In February, we blogged about how Social Security Disability Insurance (SSDI) enrollment declined for the first time since 1983.
At the time, the Baltimore Sun reported that the decline was attributed to economic and demographic changes. The newspaper reported that Social Security Administration data showed that the number of beneficiaries fell by half a percent in 2014 to 10.9 million, down 14 percent from a high in 2010.
With this in mind, recently TalkingPointsMemo.com had an interesting story about how the SSDI “crisis” that conservatives have brought up in funding debates may already be over. Keep in mind, experts have estimated that the SSDI program could run out of funds in late 2016, potentially resulting in a 20 percent payment cut to beneficiaries, unless our elected officials do something to alleviate the issue.
Speaking about the liberal approach to funding, the website reported that Social Security advocates believe that “demographic and economic trends that have put the disability fund in jeopardy in late 2016 have passed.” It also had a chart that showed enrollment declines, putting the numbers into graphic perspective. To view the chart, you can click the source link below.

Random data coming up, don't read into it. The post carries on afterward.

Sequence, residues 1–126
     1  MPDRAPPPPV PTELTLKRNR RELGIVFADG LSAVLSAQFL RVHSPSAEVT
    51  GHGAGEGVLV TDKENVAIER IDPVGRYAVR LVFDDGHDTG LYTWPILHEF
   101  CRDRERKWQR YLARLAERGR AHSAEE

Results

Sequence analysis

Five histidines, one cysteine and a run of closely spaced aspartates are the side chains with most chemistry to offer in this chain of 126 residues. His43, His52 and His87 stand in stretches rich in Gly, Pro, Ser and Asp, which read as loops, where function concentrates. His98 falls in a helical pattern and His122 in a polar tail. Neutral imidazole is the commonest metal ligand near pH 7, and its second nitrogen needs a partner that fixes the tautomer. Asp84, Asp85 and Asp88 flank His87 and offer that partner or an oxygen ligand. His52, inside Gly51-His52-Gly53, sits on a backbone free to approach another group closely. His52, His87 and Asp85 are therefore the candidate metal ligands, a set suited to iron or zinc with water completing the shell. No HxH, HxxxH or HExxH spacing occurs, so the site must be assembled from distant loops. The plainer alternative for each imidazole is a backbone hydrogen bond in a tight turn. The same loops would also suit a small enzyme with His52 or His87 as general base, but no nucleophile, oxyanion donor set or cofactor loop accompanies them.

Keep in mind, the Center on Budget and Policy Priorities wrote when enrollment numbers were released that “[in] recent months, growth in the number of [SSDI] beneficiaries has slowed to its lowest rate in 25 years.” All of these numbers seem to refute claims that SSDI enrollment has spiraled out of control, which is a common argument for people pushing for cuts to funding.
Helping You Obtain Social Security Benefits
We will continue to keep you posted about SSDI news coming out of Washington when it comes to funding or enrollment issues. If you are interested in applying for disability benefits, you can visit our Social Security FAQ page.
Keep in mind, benefits are for people who are truly unable to work, whose disabilities are expected to last longer than a year or could result in death.
Troutman & Troutman, P.C. – Tulsa Social Security disability attorneys